According to the Armed Conflict Location and Event Data Project, the death toll from the war in Yemen is 56,000 deaths and not the widely asserted 10,000 deaths from the conflict as put forth by the United Nations. Journalists and researchers who have followed the growing humanitarian crisis in Yemen have often ridiculed the fact that death toll numbers have not changed since 2017.
The information collected and put forth by the ACLED Project directly contradicts the information put forth by the United Nations and parroted by Congressional leaders. The goal of misleading the public on the carnage of the war in Yemen paves the way for European and Western nations to weasel away from any blame regarding the death of over 50,000 people.
It’s not a coincidence that the killing of a journalist or the deaths of civilians in Syria is covered to no end meanwhile, the slaughter of innocent men, women, and children in Yemen receives very little coverage. Obtaining information on the war in Yemen is notably hindered by Saudi Arabia; activists raising awareness of the war in Yemen are censored on social media platforms and targeted by Saudi troll farms.
Civilian casualties have been on the rise in Yemen since August of this year as Saudi Arabia began a brutal offensive to take control of the vital port city of Hodeidah where over 70% of Yemen’s aid is delivered and disbursed. Fighting has intensified as the Saudi-led coalition tries to pound the port into submission as citizens flocking to the port city in search of water resulting in a bottle-neck of civilians, aid workers and rebels, which in turn gives the Saudi-led coalition an excuse when they kill civilians and the deaths are chalked up as collateral damage.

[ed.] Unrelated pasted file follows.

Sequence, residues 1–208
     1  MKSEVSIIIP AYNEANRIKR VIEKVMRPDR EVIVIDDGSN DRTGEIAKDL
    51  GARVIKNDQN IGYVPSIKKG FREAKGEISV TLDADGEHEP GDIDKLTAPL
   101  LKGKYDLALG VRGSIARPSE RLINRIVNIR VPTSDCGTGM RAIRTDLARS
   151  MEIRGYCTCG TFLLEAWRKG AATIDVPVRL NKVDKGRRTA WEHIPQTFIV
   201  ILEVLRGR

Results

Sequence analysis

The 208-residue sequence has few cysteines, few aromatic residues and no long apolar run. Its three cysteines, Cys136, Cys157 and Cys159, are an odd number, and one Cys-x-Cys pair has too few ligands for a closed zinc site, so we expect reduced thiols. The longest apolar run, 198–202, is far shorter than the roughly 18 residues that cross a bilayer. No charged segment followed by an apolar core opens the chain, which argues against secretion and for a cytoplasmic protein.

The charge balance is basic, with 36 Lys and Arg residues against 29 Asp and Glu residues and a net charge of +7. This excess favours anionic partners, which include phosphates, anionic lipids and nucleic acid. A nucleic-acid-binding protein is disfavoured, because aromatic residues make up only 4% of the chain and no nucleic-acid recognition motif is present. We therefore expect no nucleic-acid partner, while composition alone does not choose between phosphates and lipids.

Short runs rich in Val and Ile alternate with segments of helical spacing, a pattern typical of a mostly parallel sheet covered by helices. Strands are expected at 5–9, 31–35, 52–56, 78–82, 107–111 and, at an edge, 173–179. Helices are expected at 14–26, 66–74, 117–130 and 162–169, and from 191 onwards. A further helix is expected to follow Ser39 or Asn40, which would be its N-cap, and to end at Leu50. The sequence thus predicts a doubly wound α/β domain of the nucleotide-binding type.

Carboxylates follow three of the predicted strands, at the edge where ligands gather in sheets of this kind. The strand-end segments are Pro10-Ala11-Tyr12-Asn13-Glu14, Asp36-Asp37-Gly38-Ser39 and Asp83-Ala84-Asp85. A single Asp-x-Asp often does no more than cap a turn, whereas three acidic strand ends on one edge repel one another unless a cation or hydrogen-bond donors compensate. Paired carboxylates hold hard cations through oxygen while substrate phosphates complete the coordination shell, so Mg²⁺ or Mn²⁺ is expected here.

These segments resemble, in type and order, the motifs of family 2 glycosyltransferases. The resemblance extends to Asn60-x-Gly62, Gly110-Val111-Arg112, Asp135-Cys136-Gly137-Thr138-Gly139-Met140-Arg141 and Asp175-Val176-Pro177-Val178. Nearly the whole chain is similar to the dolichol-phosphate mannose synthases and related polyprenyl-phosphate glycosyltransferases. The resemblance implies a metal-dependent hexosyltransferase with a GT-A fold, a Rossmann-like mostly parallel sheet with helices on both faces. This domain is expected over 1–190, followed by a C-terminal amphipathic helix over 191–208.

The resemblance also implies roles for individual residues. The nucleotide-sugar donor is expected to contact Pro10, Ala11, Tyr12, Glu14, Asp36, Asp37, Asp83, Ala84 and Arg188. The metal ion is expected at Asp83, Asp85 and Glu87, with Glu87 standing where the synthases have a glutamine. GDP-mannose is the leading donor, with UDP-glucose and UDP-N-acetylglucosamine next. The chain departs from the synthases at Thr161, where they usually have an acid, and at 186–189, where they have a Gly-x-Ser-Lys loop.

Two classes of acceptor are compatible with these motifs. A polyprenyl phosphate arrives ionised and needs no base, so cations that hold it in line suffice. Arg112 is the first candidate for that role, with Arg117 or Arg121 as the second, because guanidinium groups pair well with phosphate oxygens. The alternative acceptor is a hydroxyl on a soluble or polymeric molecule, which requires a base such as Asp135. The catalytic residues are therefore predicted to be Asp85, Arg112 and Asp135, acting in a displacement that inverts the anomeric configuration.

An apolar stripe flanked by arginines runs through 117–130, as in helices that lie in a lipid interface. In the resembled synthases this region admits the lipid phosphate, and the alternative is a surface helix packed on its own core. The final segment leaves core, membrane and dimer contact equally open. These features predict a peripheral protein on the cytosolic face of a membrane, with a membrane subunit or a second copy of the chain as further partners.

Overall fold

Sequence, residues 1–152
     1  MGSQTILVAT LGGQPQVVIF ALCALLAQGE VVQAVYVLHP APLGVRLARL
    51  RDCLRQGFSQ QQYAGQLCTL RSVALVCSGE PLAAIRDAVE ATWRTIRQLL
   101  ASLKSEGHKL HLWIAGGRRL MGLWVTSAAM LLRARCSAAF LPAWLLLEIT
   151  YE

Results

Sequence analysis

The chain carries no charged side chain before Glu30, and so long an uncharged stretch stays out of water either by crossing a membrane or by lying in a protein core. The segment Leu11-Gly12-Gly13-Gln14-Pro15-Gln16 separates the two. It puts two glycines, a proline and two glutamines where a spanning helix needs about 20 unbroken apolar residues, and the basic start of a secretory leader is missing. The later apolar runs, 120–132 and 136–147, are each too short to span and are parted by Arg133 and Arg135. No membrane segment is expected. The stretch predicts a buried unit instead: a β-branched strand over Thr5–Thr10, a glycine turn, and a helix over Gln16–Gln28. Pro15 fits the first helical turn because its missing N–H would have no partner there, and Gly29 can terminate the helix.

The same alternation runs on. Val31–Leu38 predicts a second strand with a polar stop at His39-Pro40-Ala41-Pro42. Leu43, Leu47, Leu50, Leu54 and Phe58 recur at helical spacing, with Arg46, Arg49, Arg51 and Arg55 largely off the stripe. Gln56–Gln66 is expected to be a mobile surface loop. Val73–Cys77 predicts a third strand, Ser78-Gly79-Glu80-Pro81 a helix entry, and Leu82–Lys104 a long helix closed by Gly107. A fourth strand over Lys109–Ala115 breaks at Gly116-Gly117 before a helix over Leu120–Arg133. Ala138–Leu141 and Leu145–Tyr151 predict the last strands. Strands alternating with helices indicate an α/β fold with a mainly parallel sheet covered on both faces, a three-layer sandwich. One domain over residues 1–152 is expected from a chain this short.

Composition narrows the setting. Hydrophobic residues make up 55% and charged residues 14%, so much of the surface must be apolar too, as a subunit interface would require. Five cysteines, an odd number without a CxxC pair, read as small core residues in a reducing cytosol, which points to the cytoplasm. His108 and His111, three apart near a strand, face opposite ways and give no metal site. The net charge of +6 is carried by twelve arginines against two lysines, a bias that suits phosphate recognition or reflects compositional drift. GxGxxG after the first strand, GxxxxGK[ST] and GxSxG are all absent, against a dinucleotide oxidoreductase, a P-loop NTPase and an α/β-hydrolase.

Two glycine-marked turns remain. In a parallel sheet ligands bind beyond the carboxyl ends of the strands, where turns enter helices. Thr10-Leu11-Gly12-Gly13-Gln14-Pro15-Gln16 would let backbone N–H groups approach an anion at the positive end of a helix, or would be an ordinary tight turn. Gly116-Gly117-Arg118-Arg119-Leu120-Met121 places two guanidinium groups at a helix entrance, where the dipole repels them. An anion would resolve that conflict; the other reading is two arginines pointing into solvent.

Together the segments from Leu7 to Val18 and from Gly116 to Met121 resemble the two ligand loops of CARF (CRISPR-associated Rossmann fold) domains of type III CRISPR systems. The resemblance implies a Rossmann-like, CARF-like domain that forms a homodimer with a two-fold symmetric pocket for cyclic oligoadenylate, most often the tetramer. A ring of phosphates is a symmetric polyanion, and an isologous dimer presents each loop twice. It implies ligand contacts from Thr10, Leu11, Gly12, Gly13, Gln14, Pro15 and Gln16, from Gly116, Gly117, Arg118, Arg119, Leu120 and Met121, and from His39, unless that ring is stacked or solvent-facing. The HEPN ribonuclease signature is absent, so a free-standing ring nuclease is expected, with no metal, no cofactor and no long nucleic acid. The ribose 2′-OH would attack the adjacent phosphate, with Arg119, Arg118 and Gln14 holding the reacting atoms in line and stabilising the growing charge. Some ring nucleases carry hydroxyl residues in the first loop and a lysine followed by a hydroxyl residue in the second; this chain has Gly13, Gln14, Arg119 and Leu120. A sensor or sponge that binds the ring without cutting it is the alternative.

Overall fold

The currency in Yemen has plummeted ever since Saudi Arabia took control of the Central Bank of Yemen and printed 600 billion in rials causing rampant inflation to the point where a single bag of rice can cost over 70 rials. Families struggle to feed their children as diseases and infections easily overtake the weakened immune systems of starving Yemenis. Children and the elderly are at the highest risk of death as whole generations of families are in danger being wiped out.
We cannot end the war in Yemen solely by writing about the atrocities being carried out on a daily basis. We have to hold lawmakers accountable for facilitating war crimes both in Europe and in the United States. We have to demand a complete and total withdrawal of any contributions to the war in Yemen and immediately start supplying humanitarian aid instead of laser-guided bombs.
Peace cannot be achieved in Yemen until there is an international effort to stabilize the economy in Yemen, without a stable economy famine could spread across the country, aid workers in the field warn this famine would be unlike any other in recorded history. So, what are we going to do to stop it?